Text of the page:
D&D Lego comes full circle by rendering the tabletop game's deadliest block in brick form: The dreaded gelatinous cube

An image of a Gelatinous Cube, a square ooze, rendered as a Lego set in a preview for an upcoming series of toys.
(Image credit: LEGO / Hasbro / Wizards of the Coast)

We've come full-circle—or full cube, as it were. There's something about this recently-announced set by Lego ideas that's tickling my poetic sensibilities. It's a block, represented by blocks. Now we just need a Minecraft mod porting this exact set inside it, and we'll be three meta-layers deep.

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The cube will release alongside the fan-made Dragon's Keep: Beyond Journey's End set as part of the TTRPG's 50th anniversary—likely as part of an upcoming Lego Ideas set. As for when it's slated to release, all we've got is a "Stay tuned!"

The cube itself is one of D&D's more iconic monsters—recognisable enough to make its way into the Dungeons and Dragons movie. It's an ooze with the unfortunate quality of being basically invisible until you step into it, at which point you're trapped within while its juices slowly digest you. 

You can bust out of the cube by making a DC12 strength check—or have a mate yank you out with a similar check, though that'll come at the cost of them taking acid damage. The real fear comes from going unconscious while you're in one of these things. Every turn the cube takes, you'll suffer acid damage—automatically failing a death saving throw.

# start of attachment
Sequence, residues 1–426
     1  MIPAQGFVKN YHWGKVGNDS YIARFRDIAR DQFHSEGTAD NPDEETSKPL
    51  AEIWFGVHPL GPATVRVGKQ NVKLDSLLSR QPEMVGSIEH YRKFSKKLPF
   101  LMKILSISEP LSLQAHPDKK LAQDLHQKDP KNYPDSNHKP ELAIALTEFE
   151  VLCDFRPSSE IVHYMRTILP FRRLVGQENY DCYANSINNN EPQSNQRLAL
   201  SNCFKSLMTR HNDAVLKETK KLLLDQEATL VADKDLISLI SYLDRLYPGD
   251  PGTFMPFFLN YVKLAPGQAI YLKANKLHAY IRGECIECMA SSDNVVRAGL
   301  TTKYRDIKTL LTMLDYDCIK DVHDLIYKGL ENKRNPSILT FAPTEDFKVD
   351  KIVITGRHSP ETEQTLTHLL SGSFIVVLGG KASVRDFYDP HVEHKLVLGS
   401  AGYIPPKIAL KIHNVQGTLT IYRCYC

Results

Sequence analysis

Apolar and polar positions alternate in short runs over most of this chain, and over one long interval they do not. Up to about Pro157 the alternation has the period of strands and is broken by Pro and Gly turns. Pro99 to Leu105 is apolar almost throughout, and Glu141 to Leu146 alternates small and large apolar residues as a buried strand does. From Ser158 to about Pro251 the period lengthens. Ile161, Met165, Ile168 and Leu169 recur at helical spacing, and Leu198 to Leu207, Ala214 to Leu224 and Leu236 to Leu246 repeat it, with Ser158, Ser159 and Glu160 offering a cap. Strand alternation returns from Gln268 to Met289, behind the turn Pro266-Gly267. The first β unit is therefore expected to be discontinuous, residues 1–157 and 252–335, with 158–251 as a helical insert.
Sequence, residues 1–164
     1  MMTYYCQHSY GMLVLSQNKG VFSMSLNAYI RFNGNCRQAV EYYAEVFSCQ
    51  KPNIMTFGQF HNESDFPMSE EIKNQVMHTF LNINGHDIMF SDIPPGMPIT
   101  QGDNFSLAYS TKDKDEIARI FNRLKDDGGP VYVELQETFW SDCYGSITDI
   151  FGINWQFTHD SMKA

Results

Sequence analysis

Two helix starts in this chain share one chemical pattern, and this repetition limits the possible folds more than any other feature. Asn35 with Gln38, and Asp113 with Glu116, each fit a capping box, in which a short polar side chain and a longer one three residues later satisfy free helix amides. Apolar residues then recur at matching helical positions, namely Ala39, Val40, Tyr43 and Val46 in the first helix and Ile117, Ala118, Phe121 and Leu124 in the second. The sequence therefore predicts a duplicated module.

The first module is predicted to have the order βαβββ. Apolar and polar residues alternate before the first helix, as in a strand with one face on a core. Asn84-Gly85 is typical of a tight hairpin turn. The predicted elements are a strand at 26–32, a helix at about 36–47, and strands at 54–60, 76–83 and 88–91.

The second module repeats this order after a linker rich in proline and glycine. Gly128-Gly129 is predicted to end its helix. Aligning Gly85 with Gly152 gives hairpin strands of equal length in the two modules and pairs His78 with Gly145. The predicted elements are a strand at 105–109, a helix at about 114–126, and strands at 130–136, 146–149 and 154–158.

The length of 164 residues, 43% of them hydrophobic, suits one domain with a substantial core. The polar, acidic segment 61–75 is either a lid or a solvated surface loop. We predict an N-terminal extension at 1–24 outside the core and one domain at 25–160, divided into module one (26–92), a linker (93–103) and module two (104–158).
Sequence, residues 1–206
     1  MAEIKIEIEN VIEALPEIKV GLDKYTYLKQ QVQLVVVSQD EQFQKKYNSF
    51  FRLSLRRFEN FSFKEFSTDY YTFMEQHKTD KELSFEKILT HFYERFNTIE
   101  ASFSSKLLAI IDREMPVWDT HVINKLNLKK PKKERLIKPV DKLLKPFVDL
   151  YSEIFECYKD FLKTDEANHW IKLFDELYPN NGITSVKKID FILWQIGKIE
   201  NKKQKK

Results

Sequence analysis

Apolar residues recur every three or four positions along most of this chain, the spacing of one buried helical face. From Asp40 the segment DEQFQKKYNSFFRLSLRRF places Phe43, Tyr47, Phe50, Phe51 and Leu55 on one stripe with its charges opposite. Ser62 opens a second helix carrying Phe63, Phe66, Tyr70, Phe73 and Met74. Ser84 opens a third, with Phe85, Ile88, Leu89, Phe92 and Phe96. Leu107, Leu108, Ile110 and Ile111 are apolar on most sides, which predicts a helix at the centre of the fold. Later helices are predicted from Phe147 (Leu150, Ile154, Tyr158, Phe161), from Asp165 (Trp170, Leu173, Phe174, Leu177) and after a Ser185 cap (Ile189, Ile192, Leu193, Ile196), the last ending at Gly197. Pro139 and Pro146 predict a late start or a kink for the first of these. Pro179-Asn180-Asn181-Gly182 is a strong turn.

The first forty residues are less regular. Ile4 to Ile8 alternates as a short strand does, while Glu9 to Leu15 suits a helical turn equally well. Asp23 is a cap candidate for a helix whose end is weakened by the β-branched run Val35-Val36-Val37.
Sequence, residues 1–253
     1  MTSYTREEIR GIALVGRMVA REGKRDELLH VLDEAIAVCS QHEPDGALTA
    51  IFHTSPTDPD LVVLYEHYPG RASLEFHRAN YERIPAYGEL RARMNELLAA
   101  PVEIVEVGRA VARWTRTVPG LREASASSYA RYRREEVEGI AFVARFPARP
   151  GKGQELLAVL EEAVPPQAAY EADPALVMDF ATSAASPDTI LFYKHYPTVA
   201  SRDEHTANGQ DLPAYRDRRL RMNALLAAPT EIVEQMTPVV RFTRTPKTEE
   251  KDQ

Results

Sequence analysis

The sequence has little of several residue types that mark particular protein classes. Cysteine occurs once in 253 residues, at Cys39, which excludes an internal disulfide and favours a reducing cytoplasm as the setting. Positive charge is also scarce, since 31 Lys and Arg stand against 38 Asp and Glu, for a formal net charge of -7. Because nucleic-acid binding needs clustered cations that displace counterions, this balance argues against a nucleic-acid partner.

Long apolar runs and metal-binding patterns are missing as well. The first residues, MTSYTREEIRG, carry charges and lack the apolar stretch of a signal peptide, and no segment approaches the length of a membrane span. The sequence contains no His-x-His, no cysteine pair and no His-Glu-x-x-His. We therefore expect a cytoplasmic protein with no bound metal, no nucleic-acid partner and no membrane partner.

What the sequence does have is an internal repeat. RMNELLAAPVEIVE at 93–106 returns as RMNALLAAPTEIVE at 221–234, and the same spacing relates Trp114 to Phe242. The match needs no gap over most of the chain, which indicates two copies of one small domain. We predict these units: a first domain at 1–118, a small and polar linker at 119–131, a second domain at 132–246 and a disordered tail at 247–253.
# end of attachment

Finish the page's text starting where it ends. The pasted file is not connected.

If you get unlucky, you could suffer an automatic save on the cube's turn, take your turn right after, roll a natural one and be dead-as-a-doornail before anybody can do anything. Basically, you probably want someone with a high Wisdom (Perception) score in your party—but anyone familiar with the concept of a 10 foot pole could've told you that.

It has not been confirmed whether Lego will be including a free satchel of digestive fluids that deal 21 (6d6) acid damage to you, though given how family-unfriendly that'd be, I doubt it. I'm more curious to see how the problem of its gelatinous form is handled—the preview we've seen is obviously just a 3D mock-up. 

We could get a brick of resin with some Lego pieces shoved inside, but if I'm being perfectly honest I don't see the point if you can't plonk your own figures in there to die a horribly-imagined death. Whether it'll be a cheaper alternative to the official Hasbro one (at $33.99) remains to be seen.

Staff Writer

Harvey's history with games started when he first begged his parents for a World of Warcraft subscription aged 12, though he's since been cursed with Final Fantasy 14-brain and a huge crush on G'raha Tia. He made his start as a freelancer, writing for websites like Techradar, The Escapist, Dicebreaker, The Gamer, Into the Spine—and of course, PC Gamer. He'll sink his teeth into anything that looks interesting, though he has a soft spot for RPGs, soulslikes, roguelikes, deckbuilders, MMOs, and weird indie titles. He also plays a shelf load of TTRPGs in his offline time. Don't ask him what his favourite system is, he has too many.